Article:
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Trends in the timing and magnitude of floods in Canada.

Cunderlik, Juraj M.; Ouarda, Taha B. M. J. (2009). Trends in the timing and magnitude of floods in Canada. Journal of Hydrology , vol. 375 , nº 3-4. p. 471-480. DOI: 10.1016/j.jhydrol.2009.06.050.

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This study investigates trends in the timing and magnitude of seasonal maximum flood events across Canada. A new methodology for analyzing trends in the timing of flood events is developed that takes into account the directional character and multi-modality of flood occurrences. The methodology transforms the directional series of flood occurrences into new series by defining a new location of the origin. A test of flood seasonality (multi-modality) is then applied to identify dominant flood seasons. Floods from the dominant seasons are analyzed separately by a seasonal trend analysis. The Mann–Kendall test in conjunction with the method of pre-whitening is used in the trend analysis. Over 160 streamflow records from one common observation period are analyzed in watersheds with relatively pristine and stable land-use conditions. The results show weak signals of climate variability and/or change present in the timing of floods in Canada during the last three decades. Most of the significant trends in the timing of spring snowmelt floods are negative trends (earlier flood occurrence) found in the southern part of Canada. There are no significant trends identified in the timing of fall rainfall floods. However, the significance of the fall, rainfall-dominated flood season has been increasing in several analyzed watersheds. This may indicate increasing intensity of rainfall events during the recent years. Trends in the magnitude of floods are more pronounced than the trends in the timing of floods. Almost one fifth of all the analyzed stations show significant trends in the magnitude of snowmelt floods. Most of the significant trends are negative trends, suggesting decreasing magnitudes of snowmelt floods in Canada over the last three decades. Significant negative trends are found particularly in southern Ontario, northern Saskatchewan, Alberta and British Columbia. There are no significant trends in the magnitude of rainfall floods found in the analyzed streamflow records. The results support the outcomes of previous streamflow trend studies conducted in Canada.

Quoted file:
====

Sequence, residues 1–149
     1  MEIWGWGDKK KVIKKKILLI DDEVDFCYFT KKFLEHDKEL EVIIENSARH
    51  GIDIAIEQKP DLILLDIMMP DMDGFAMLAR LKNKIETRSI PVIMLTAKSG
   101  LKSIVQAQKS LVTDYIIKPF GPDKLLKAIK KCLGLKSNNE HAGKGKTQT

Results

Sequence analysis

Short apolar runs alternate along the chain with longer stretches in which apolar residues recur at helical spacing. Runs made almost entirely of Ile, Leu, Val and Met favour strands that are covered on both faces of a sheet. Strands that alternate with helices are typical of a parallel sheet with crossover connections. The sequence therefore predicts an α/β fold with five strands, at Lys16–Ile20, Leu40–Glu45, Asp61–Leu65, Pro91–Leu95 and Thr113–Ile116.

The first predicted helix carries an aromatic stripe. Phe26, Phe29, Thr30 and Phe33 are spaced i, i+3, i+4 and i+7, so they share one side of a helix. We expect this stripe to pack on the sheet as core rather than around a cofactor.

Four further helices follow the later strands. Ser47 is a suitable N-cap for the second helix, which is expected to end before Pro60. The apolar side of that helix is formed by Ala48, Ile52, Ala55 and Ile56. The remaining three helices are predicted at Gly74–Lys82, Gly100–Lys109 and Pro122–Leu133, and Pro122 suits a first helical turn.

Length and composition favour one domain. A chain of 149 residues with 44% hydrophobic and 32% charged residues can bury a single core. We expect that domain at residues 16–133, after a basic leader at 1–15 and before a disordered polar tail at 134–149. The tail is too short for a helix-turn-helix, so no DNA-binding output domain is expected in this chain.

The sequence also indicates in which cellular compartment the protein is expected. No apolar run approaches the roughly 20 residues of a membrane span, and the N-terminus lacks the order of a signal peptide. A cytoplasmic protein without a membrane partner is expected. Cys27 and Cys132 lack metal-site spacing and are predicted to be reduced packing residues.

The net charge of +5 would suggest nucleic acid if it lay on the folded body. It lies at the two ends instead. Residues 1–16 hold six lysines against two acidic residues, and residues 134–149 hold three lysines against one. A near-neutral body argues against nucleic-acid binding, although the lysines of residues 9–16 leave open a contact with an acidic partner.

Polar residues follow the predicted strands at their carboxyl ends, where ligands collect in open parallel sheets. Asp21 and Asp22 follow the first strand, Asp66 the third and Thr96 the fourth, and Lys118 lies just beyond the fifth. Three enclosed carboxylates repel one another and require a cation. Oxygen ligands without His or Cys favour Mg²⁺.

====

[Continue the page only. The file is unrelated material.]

Type de document: Article
Mots-clés libres: flood seasonality; directional statistics; multi-modality; trends; climate change; Canada
Centre: Centre Eau Terre Environnement
Date de dépôt: 08 janv. 2021 15:16
Dernière modification: 08 janv. 2021 15:16
URI: http://espace.inrs.ca/id/eprint/10804

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